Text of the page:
The birth of NLP
The birth of NLP
NLP or Neuro-Linguistic Programming is a practice that is rapidly growing. Though you may not know it, NLP has been adopted by many doctors, teachers, HR departments and even the police to improve their performance. It’s been called “The Science Of Success” and many of its exponents claim it can produce dramatic and life changing results.
First let’s define what NLP is. According to co-creator Dr. Richard Bandler, NLP is the study of subjective experience and in particular its models of successful behaviors. You first model successful behavior and then you teach other people to repeat it. Just like computer programs, there are good ones and there are bad ones. If you examine at the best pieces of all of them you can write a more elegant and effective program.
In 1960 California, Fritz Perls developed Gestalt Therapy, one of several new forms of psychological intervention that emerged around that time. A common theme to many of these therapies, was the attempt to find a shorter alternative to the long and ofter painful process of psychoanalysis. During the middle of the 20th century there was a move towards cost effectiveness, short term therapies and direct attack on the symptoms rather than digging for the “root causes”.
A model like NLP really nestles within a wider movement which would include Cognitive Behavior Therapy (CBT), Gestalt, Cognitive Analytical Therapy, Solution Focused Therapy and many others. Richard Bandler, a student of the University of California Santa Cruz, started to observe the work of successful family therapist Virginia Satir. At the time he was living in a house that was owned by a psychotherapist who know Virginia Satir. Her explanation of what she was doing did not make sense to the square logic oriented Bandler.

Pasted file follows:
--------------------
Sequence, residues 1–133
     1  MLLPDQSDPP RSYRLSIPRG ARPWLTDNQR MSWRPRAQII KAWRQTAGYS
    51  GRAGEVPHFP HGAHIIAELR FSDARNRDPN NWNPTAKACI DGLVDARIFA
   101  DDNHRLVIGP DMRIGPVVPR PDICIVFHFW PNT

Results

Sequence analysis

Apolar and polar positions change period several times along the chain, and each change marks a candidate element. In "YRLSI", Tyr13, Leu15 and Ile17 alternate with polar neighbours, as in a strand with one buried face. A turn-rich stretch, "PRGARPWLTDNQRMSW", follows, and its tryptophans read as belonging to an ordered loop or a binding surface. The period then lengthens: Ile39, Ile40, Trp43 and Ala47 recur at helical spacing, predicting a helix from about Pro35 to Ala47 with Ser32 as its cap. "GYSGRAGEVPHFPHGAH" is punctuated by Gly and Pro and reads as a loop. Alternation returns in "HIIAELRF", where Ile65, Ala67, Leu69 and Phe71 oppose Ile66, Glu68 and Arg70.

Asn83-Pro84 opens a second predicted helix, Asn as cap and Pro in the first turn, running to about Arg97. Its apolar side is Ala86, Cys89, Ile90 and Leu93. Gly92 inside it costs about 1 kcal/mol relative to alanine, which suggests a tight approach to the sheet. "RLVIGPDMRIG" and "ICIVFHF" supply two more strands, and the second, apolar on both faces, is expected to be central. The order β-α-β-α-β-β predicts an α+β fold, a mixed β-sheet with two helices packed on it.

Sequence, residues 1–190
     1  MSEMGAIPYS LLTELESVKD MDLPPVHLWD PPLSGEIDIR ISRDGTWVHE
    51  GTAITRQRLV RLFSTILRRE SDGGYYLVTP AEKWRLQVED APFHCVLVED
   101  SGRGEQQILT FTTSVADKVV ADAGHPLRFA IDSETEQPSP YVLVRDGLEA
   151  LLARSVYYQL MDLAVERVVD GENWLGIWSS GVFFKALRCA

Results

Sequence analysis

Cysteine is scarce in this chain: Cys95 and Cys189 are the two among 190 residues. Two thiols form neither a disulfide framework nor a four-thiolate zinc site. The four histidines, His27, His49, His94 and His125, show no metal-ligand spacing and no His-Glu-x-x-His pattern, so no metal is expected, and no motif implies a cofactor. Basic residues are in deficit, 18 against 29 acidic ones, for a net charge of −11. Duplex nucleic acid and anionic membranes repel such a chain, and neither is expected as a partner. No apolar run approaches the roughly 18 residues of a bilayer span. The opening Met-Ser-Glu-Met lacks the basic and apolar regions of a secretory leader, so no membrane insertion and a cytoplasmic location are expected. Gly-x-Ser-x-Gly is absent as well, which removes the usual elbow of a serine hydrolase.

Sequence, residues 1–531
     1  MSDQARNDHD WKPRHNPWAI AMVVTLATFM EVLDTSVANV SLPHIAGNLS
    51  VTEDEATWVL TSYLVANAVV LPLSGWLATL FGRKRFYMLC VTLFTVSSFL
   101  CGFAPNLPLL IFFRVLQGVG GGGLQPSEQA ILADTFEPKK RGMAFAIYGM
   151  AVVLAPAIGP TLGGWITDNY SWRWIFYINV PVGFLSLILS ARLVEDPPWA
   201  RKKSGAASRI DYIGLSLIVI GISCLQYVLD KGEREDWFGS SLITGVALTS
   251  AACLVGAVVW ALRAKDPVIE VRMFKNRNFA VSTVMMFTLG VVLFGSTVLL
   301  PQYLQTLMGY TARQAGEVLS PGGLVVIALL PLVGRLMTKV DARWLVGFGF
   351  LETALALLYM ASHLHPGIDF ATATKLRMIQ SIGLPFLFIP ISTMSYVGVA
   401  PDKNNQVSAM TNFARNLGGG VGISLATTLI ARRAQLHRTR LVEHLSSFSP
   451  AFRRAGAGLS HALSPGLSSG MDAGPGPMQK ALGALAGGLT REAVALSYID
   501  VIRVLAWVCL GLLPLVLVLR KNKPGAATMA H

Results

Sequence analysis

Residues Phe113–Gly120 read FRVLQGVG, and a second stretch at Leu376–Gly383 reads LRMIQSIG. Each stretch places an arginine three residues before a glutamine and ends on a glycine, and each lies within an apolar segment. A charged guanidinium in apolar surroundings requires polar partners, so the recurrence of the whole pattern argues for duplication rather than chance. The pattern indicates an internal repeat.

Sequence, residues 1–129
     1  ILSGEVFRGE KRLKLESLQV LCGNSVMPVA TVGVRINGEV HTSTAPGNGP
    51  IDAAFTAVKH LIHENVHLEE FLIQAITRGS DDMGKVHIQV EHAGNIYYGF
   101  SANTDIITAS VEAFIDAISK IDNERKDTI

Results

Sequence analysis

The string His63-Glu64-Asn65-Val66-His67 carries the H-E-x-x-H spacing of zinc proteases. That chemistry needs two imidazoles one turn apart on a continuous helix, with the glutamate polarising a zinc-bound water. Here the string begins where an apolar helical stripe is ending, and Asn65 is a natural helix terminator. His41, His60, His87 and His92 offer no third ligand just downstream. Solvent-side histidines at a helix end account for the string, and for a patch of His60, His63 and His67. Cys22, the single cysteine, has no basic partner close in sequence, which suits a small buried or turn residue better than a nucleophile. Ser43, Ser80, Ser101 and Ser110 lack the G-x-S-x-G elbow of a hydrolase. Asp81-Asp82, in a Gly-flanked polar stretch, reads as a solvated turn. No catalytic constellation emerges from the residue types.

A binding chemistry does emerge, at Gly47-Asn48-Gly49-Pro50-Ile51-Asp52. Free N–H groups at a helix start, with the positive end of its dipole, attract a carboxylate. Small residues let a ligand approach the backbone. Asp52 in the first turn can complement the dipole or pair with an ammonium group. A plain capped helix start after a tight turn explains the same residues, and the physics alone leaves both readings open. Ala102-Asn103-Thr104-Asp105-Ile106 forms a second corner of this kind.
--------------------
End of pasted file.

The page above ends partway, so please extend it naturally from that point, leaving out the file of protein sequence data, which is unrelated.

After observing her at work, he managed to express Satir’s intervention in predicate calculus to the point where he could predict what she was going to say next. The way therapists like Virginia Satir used language to build rapport with their clients later became the basis of NLP. As he started teaching other people he met John Grinder who was a Transformational Grammarian.
Richard Bandler and John Grinder observed (or to use the proper NLP term: modeled top therapists like Virginia Satir, Gestalt founder Fritz Perls and the famous hypnotherapist Milton Erickson and managed to distill their therapeutic excellence into 2 well documented, complementary language models. The Meta Model and the Milton Model. Those two language models were the foundations on which NLP was built.
Mazon Affersen is an avid self learner, with a strong interest in social sciences. You can find out more about the author at his best carpet steam cleaner blog. Mazon Affersen is an NLP Practitioner and he frequently writes about psychology and NLP.